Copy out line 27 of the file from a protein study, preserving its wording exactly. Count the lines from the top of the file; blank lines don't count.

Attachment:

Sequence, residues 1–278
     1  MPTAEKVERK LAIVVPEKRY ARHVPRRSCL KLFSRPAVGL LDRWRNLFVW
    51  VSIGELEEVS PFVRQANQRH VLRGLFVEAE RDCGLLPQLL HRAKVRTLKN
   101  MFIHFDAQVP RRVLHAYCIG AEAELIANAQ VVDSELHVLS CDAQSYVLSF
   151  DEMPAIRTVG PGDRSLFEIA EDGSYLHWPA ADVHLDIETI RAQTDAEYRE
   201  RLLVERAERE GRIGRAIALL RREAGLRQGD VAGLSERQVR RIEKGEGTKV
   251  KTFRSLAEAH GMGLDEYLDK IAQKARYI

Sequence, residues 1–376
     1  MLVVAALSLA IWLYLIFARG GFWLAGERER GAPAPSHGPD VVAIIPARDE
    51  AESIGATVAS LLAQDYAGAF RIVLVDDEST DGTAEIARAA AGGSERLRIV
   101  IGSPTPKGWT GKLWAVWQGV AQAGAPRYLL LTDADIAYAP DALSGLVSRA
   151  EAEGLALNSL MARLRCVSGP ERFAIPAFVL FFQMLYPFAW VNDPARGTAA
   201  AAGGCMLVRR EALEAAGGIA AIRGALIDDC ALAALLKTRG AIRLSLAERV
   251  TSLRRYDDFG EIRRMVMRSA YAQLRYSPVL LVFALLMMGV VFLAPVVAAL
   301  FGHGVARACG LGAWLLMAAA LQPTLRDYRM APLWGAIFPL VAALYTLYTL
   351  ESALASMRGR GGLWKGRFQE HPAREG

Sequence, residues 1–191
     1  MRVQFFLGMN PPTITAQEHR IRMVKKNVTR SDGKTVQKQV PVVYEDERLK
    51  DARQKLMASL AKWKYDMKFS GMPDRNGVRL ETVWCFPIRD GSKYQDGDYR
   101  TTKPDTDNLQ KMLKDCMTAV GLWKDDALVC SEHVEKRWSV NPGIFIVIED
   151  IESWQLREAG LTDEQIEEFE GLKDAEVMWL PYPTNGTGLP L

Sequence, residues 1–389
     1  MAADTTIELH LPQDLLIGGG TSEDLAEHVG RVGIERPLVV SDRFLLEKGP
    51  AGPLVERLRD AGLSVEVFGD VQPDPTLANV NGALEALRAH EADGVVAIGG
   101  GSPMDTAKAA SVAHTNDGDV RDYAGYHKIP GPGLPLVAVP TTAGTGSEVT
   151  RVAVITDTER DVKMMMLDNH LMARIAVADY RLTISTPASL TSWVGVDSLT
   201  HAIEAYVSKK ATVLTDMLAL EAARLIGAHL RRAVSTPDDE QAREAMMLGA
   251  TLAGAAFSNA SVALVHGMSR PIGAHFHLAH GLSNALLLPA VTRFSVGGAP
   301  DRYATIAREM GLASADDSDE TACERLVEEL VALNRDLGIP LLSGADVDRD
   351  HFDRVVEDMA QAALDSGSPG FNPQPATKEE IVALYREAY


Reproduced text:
   201  HAIEAYVSKK ATVLTDMLAL EAARLIGAHL RRAVSTPDDE QAREAMMLGA